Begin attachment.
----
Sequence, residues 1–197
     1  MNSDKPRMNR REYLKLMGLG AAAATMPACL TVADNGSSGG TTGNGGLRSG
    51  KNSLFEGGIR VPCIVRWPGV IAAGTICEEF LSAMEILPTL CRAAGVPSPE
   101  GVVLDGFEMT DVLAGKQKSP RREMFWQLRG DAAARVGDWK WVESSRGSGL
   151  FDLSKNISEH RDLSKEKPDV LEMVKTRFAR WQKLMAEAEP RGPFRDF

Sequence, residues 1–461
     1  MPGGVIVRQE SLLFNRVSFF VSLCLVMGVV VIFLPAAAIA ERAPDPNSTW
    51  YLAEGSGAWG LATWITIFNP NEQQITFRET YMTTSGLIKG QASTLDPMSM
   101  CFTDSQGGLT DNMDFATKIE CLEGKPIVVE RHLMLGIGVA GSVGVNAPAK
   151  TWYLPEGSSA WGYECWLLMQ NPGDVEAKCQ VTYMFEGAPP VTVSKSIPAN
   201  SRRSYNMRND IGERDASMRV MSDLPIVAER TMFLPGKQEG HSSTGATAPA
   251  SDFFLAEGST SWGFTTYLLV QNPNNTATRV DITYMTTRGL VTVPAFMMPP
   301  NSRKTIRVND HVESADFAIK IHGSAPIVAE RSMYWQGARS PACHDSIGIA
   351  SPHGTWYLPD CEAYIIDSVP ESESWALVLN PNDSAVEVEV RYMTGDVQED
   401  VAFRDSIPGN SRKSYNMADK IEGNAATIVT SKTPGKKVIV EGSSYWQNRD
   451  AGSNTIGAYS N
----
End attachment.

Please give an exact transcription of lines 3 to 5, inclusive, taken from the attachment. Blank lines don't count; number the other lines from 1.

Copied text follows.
    51  KNSLFEGGIR VPCIVRWPGV IAAGTICEEF LSAMEILPTL CRAAGVPSPE
   101  GVVLDGFEMT DVLAGKQKSP RREMFWQLRG DAAARVGDWK WVESSRGSGL
   151  FDLSKNISEH RDLSKEKPDV LEMVKTRFAR WQKLMAEAEP RGPFRDF